Thank You, Sarah Weddington

The woman whose legal arguments won the legal right to abortion at the Supreme Court died in December.

Thank You, Sarah Weddington
Photo:Barry Thumma/Mike Groll (AP)

Linda Coffee still has the $15 check she used to file the first lawsuit that would become Roe v. Wade at the Supreme Court. Later, she would ask another young Texas woman lawyer to join the case, Sarah Weddington. “I don’t know that I really needed one, but I knew Sarah was planning a case,” Coffee told Jezebel by phone from her home in Mineola, Texas. The University of Texas law school only had a handful of women who enrolled and graduated at the time, so she knew of Weddington’s work ethic.

Together, they won the case, but for the 49th anniversary of Roe v. Wade on Saturday, this is the first year only one of them is alive. Weddington, who was the lawyer to successfully argue before the Supreme Court, died the day after Christmas. Though it was a thrill to talk to Coffee about her old partner in law, both women are largely forgotten in modern reproductive rights history.

Maybe it’s because neither were particularly flashy: Coffee went on to practice mostly bankruptcy law, while Weddington served in the Texas legislature for a time and then taught at her alma mater. But since Saturday is probably the last active anniversary of Roe, I decided to write a remembrance to Weddington following her death at the age of 76.

I found Weddington’s memoir in a used bookstore in Washington, D.C. I was in town to report on June Medical Services v. Russo. The blurbs on the back are news icon Linda Ellerbee; Ann Richards; Bill Clinton, still only the governor of Arkansas; Molly Ivins, my alcoholic writing hero; Larry King and Rosalyn Carter. It’s decidedly from a different time, but so was Weddington.

She was born in February 1945 in Abilene, a west-central Texas town of about 30,000. Her dad was a Methodist minister and, despite being a very conventional teenager (church choir and marching band), she didn’t want any of the trappings of a “normal” life that were foisted upon women of that era. She dreamed of law school, but didn’t know ho to do it until a dean at her small Methodist liberal arts college told her it would be too hard for her, like it was too hard for his son. Weddington had already skipped two grades when she made it to Austin in January 1965 to work for the biannual legislature. She enrolled at UT law school in June where she was one of five women in her class.

Her role in the lawsuit started in a garage in Austin. A group of her friends were raising money for the abortion “referral project” operating among UT students. Weddington didn’t work there, but she started to do legal research for them. “Doctors could be prosecuted; and the volunteers at the referral project didn’t know whether they could get into legal trouble by referring women for safe abortion,” she wrote.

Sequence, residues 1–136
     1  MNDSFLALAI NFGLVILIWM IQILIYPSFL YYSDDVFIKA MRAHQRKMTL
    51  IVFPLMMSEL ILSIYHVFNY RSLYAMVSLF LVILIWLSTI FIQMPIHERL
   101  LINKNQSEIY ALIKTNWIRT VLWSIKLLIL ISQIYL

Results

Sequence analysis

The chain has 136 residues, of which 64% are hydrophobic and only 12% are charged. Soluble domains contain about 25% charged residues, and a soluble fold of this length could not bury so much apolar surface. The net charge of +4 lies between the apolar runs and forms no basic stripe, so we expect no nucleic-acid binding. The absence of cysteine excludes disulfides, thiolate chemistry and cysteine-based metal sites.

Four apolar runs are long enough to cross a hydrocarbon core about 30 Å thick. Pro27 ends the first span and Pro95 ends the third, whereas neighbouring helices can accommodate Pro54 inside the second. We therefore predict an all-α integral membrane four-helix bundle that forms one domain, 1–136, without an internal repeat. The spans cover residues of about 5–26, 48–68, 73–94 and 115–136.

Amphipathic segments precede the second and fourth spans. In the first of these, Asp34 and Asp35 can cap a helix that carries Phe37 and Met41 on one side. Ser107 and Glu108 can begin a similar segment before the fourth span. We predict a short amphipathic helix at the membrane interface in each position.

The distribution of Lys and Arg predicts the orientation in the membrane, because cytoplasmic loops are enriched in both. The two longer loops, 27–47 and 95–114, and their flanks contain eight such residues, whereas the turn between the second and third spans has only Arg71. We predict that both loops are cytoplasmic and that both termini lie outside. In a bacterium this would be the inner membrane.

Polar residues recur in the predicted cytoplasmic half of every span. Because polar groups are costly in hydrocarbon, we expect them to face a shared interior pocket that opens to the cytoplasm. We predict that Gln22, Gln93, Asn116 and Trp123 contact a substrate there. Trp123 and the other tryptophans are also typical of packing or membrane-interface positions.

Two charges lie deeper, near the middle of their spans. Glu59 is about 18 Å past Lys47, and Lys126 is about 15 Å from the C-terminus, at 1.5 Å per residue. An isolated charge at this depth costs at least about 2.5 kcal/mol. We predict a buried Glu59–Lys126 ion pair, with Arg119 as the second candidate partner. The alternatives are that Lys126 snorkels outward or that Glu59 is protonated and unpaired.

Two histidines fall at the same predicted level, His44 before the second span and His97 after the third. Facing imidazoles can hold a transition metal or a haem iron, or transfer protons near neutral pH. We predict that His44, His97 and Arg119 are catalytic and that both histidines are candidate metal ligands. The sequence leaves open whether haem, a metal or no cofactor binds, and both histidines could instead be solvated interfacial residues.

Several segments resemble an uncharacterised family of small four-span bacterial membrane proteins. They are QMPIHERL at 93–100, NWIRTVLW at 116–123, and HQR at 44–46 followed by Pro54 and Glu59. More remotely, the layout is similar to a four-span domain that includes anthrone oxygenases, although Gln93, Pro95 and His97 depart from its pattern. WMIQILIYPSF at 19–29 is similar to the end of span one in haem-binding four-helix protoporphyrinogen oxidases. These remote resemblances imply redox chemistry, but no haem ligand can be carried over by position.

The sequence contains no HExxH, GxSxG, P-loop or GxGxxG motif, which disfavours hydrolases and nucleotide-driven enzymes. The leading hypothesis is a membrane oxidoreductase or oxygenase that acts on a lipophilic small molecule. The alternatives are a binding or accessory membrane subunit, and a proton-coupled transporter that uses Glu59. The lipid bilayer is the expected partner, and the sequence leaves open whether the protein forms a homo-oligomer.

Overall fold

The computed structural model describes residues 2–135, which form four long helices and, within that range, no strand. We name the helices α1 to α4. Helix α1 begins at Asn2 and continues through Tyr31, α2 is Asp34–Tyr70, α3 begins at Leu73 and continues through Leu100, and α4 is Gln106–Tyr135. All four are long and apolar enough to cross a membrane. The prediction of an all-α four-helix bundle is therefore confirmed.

So Weddington joined the fight. And she knew what she defended: Weddington had an abortion in 1967 in a doctor’s office in Piedra Negras, across the border from Eagle Pass, Texas. Abortion was obviously illegal in Texas and Mexico, but Weddington suspected bribes kept the illegal operation in business in Mexico. No matter, her D&C was successful. She went back to law school at UT Austin.

The fact that a person might have to carry a pregnancy to term when they don’t want to? It is torture. It is a human rights violation. Weddington understood that in her bones. The book is dedicated “to those who willing to share the responsibility of protecting choice,” and I hope you take Weddington’s death as a call to action. There is a job for everyone interested in preserving abortion and reproductive freedom. Because of the patriarchy, these rights will not be preserved without a fight. That’s the worst part of a unenumerated right — it’s there, but only in the legal murkiness of the right to privacy.

It’s taken me this long to write a tribute to a woman who made my life possible because I can’t believe she lived long enough to see the right to abortion reach such a crisis point. Arguing Roe was her career high point (no offense to her time in the Texas legislature). She was only 26! She didn’t get her flowers nearly enough while alive. America loves to valorize the work of one person and forget about the behind the scenes, the foot soldiers. But we never really valorized her work, especially outside of Texas. Instead Weddington aged in a world where abortion was “safe, legal, and rare.” A world where politicians from her own party worked to push abortion into a back corner because they were scared to stand up for women. The only good thing about her death is that she died before her legal triumph could be undone by people like Amy Coney Barrett who think adopting is an alternative to abortion.

I wish I had gotten the opportunity to tell her how much her work meant to my life. At least I got to tell the woman who brought her on to the case.

“I was very proud of the fact that we won,” Coffee told Jezebel of their work. “It’s sad that I think Roe v. Wade could be overturned. I counted there were five members of the Supreme Court that seemed to be leaning toward changing the law. I think it’s really what it is there now is almost chaos.”

So, rest in power, Ms. Weddington. We’ll continue to fight for the right to abortion.

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